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Publication numberUS6505108 B2
Publication typeGrant
Application numberUS 09/963,765
Publication dateJan 7, 2003
Filing dateSep 26, 2001
Priority dateMar 1, 2000
Fee statusLapsed
Also published asUS20020128760
Publication number09963765, 963765, US 6505108 B2, US 6505108B2, US-B2-6505108, US6505108 B2, US6505108B2
InventorsMark Olen Bodie, Aleksander Boguslaw Hac
Original AssigneeDelphi Technologies, Inc.
Export CitationBiBTeX, EndNote, RefMan
External Links: USPTO, USPTO Assignment, Espacenet
Damper based vehicle yaw control
US 6505108 B2
Abstract
Controllable dampers are used to improve vehicle responses and stability during severe vehicle handling maneuvers. A total handling damping value for the vehicle is derived, preferably from the greatest of a yaw rate error value, a lateral acceleration value and a time derivative of lateral acceleration value. In addition, a control ratio of front axle roll damping to total roll damping is derived, preferably from the yaw rate error value, an oversteer/understeer indication and possibly vehicle speed. From these values, handling damping values are derived for each wheel of the vehicle and blended with damping values for the same wheels derived from suspension component movement to determine a corner damping command for each controllable damper. Preferably, the damping values derived from suspension component movement are shifted away from damping control of the vehicle body toward handling damping control when yaw rate error is large in magnitude.
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Claims(18)
What is claimed is:
1. A method for using controllable dampers to improve vehicle response and stability during severe handling maneuvers, the vehicle including at least one controllable damper, a front axle and a rear axle, the method comprising:
a) responsive to vehicle dynamic variables, deriving a total handling damping value for the vehicle;
b) responsive to vehicle dynamic variables, deriving a control ratio of front axle roll damping to total roll damping for the vehicle;
c) responsive to the total handling damping value and the ratio of front axle roll damping to total roll damping, deriving a handling damping value for the controllable damper; and
d) blending the total handling damping value with a damping value derived from suspension component movement to determine a corner damping command for the controllable damper.
2. The method of claim 1 wherein the total handling damping value is derived responsive to one of a yaw rate error between a desired yaw rate and a measured yaw rate of the vehicle, a lateral acceleration of the vehicle, and a time derivative of desired lateral acceleration of the vehicle.
3. The method of claim 2 wherein the total handling damping value is derived from the greatest of the yaw rate error between a desired yaw rate and a measured yaw rate of the vehicle, the lateral acceleration of the vehicle, and the time derivative of desired lateral acceleration of the vehicle.
4. The method of claim 1 wherein the control ratio is derived from a yaw rate error between a desired yaw rate and a measured yaw rate of the vehicle.
5. The method of claim 4 wherein the control ratio increases during an oversteering condition and decreases during an understeering condition.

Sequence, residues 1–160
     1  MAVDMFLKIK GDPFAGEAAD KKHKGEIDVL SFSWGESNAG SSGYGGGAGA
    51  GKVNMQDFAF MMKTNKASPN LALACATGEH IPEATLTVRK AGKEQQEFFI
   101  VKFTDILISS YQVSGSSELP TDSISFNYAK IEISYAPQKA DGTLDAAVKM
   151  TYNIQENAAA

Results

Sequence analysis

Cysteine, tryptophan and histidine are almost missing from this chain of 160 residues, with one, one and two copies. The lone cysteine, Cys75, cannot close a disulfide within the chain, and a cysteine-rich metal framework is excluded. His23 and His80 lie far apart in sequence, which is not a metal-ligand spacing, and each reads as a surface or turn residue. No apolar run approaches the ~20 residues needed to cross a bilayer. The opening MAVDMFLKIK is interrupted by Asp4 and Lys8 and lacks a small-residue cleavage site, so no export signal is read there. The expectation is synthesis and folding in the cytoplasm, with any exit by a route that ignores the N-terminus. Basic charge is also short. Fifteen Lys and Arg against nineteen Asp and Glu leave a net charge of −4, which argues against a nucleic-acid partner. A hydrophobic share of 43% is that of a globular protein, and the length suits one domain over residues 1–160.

6. The method of claim 4 wherein the control ratio is further derived from vehicle speed.
7. The method of claim 6 wherein the control ratio increases as the vehicle speed increases.
8. The method of claim 1 wherein the damping value derived from suspension component movement is derived from a body damping value favoring damping control of the vehicle body and a wheel damping value favoring damping control of the wheel and the body damping value is reduced in response to a large magnitude of a yaw rate error between a desired yaw rate and a measured yaw rate of the vehicle.
9. A method for using controllable dampers to improve vehicle responses and stability during severe handling maneuvers, the vehicle including at least one controllable damper, a front axle, a rear axle, the method comprising:
a) measuring wheel speeds;
b) estimating vehicle speed
c) measuring lateral acceleration;
d) measuring yaw rate;
e) measuring steering angle;
f) estimating slip angle and slip rate;
g) determining a desired yaw rate, a desired lateral acceleration, a desired slip angle, and a desired slip rate based upon a vehicle reference model;
h) determining an error term derived from the difference between the desired yaw rate, desired slip angle, and the desired slip rate and the measured yaw rate and estimated slip angle and slip rate;
i) determining if the vehicle is in an under steer or over steer condition and generating a steering signal flag;
j) determining a derivative of the desired lateral acceleration by multiplying the desired yaw rate by the vehicle speed then differentiating the product;
k) determining a handling pulse width modulation for each of the at least one controllable damper;
l) determining a handling scale factor;
m) blending the handling pulse-width modulation with a pulse width modulation derived from suspension component movement and having a wheel control component and a body control component multiplied by the handling scale factor to determine a total pulse width modulation for each of the controllable dampers.
10. A method for improving vehicle responses and stability during severe maneuvers, the vehicle including a front axle with a pair of wheels having associated controllable dampers, a rear axle with a pair of wheels having associated controllable dampers, the method comprising: